Tomorrow is World Duchenne Awareness Day, which aims to raise awareness for people living with Duchenne muscular dystrophy. In advance, we’re sharing some of the work being done by America’s biopharmaceutical researchers in an effort to develop new treatments for this disease.
Growing up with a father who taught biology, Dr. Jane Owens developed a fascination with the human body early on. “My dad’s interest rubbed off on me,” she says about her decision to pursue research. Additionally, Dr. Owens spent several years of her childhood in Africa. Seeing the huge unmet needs of malaria and HIV victims instilled a desire to develop medicines for “people that have no option to treat their disease.”
After obtaining an undergraduate degree in biological sciences, Dr. Owens studied osteoporosis as part of her Ph.D. work at the University of London. Eventually, this led to a role at Pfizer researching treatments for Duchenne muscular dystrophy, a rare genetic disease for which there currently are limited treatment options. Today, Dr. Owens is a senior director who manages rare muscle disease research projects in Pfizer’s Rare Disease Research Unit.
Duchenne muscular dystrophy (DMD) is a genetic condition that results in an inability to produce the protein dystrophin, which is essential for skeletal and heart muscle function. Without dystrophin, the muscles cannot contract properly, and eventually the muscle cells begin to die. Over time, this results in patients losing the ability to walk, and ultimately, the heart and muscles required for breathing stop functioning. The average life expectancy of a DMD patient is 26 years.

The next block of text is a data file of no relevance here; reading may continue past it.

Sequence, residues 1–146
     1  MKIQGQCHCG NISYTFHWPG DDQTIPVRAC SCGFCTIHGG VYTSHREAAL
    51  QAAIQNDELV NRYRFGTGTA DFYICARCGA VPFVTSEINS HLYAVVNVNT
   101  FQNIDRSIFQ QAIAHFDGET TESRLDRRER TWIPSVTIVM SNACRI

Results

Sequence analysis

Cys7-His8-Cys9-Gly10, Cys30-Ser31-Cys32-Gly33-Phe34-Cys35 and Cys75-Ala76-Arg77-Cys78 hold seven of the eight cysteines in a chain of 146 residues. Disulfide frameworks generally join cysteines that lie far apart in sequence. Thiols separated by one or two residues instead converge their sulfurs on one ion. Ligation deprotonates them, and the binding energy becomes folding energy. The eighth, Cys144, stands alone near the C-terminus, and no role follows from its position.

“We’ve seen an immense body of research move forward into clinical trials in the last 10 years,” Dr. Owens says. “These trials are testing compounds which may treat the symptoms of DMD and also target the actual genetic mutation in DMD.”
The Driving Force
Since helping to start Pfizer’s Rare Disease Research Unit in 2010, Dr. Owens and her team’s primary focus has been to develop more effective therapies for DMD, including gene therapy. In this case, the gene therapy attempts to replace the missing dystrophin protein in patients’ muscles to prevent muscle degeneration and the associated loss of muscle function.
Challenges, Chance and Looking Forward
The drug development process is fraught with the risk of failure, and a biopharmaceutical researcher like Dr. Owens must be able to withstand the highs and lows that are part of this process. When she and her team encounter an obstacle or setback, she reminds herself that these challenges are all part of a process that has resulted in many advances in the last decade.
"If you had told me 10 years ago what would be possible today, I wouldn’t have believed you," says Dr. Owens. "It's essential to take the setbacks in stride and keep a focus on good science."
Even more so, it’s the patients who keep her going.
“Through Pfizer’s patient advocacy efforts, we have had the privilege of meeting patients face to face, and it’s been incredibly motivating to me and my team of scientists,” she says. “What gets me up in the morning is the idea that there are boys with DMD out there that are waiting, and every minute counts.”
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